Sureties will face new issues during this pandemic. Business relationships are a more significant factor than ever when working through best practices to address work stoppages under emergency situations. The surety’s bonded contractor/principal may be unable to keep its doors open if it is unable to remain on budget, or if the loss of work becomes too severe due to the pandemic. Construction financing can be withdrawn or modified, severely impacting the principal’s ability to perform or bid on future work. The principal and surety need to assess insurance coverage, the impact of work stoppages, inability to perform, and delays in completion requiring policy extensions and cost increases.

A surety faced with bond claims due to a declared default of its principal or interruption of performance due to the pandemic needs to address additional issues beyond the more traditional decisions made to assess the liability of its principal and the surety’s bonded obligations. Examples to consider include if this pandemic is an act of God or a national emergency. Is the surety’s principal entitled to time extensions or adjustments to its contract price due to the pandemic? Did the work stop due to a national or state executive order? Is the pandemic the sole cause of the stoppage, and there are no unrelated reasons why the principal is unable to proceed? Was workers’ safety at risk due to the pandemic?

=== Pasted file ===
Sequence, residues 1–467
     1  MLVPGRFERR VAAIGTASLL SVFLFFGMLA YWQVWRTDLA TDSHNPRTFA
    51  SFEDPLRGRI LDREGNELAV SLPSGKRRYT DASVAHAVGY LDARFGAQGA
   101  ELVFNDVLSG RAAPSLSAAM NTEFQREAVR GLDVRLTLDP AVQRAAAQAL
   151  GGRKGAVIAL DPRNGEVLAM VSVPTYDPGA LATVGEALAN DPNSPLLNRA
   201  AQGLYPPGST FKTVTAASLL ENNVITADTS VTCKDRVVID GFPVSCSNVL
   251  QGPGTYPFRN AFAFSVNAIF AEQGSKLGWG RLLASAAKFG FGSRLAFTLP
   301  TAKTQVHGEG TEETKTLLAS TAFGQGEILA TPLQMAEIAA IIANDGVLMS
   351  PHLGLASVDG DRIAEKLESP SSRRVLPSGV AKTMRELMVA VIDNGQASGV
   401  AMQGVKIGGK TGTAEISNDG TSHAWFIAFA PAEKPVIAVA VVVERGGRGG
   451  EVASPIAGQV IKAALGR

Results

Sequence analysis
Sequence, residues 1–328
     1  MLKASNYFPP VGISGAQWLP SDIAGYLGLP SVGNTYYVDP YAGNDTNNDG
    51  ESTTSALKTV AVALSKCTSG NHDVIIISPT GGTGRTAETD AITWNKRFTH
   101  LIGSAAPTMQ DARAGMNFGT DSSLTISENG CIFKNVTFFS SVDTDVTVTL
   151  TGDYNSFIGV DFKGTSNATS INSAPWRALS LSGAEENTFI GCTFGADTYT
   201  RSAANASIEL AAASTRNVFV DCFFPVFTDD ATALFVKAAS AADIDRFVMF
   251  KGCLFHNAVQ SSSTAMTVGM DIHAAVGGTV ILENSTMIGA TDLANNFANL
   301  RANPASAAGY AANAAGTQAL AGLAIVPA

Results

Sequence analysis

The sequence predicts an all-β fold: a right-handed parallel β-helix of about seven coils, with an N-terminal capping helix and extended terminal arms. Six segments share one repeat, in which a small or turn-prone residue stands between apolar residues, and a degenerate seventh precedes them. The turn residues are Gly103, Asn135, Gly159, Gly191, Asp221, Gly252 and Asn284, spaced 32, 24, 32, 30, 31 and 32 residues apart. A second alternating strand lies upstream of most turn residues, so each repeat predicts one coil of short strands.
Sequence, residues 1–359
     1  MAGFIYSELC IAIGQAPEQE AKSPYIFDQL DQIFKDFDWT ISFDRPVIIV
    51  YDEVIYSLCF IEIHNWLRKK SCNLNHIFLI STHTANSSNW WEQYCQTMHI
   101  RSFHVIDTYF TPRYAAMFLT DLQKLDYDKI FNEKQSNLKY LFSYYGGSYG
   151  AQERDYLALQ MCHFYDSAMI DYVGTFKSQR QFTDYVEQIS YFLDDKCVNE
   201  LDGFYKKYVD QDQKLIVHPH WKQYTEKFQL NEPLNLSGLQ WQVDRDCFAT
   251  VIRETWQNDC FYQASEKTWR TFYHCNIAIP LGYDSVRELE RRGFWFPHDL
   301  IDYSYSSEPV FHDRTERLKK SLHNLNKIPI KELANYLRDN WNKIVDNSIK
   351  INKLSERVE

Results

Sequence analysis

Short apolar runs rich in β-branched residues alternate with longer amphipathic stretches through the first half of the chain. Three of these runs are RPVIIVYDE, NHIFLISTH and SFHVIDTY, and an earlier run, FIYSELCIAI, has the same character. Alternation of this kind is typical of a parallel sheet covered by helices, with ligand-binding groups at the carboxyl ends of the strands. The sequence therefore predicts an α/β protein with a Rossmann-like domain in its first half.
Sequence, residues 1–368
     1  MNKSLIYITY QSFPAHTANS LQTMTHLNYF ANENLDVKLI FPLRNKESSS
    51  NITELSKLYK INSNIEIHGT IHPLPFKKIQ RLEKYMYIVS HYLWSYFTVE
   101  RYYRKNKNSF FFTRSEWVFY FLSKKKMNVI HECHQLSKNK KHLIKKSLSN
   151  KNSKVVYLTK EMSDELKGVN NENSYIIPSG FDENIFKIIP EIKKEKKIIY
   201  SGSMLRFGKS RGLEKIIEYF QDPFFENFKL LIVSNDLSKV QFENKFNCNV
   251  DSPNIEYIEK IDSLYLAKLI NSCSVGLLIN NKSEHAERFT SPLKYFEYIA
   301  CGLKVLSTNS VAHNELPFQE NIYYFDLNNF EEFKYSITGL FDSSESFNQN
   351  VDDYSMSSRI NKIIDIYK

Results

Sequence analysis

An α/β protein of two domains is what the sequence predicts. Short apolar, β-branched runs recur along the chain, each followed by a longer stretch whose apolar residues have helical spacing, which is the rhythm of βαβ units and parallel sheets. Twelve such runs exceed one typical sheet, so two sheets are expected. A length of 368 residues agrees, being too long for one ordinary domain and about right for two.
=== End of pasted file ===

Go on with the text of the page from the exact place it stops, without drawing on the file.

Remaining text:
It is essential for the surety to understand the multitude of pandemic-related challenges construction projects will encounter. The surety’s preparedness to deal with issues impacting its principals is key. 

Communication is essential. The parties should work collaboratively to reach a mutual understanding as to whether any work stoppages are temporary or will continue through the duration of the project. Issues should be addressed as early as possible regarding financial obligations to contractors for work in place, including overhead and profit, as well as the respective parties’ anticipated losses, costs, potential damages, and rights to time extensions.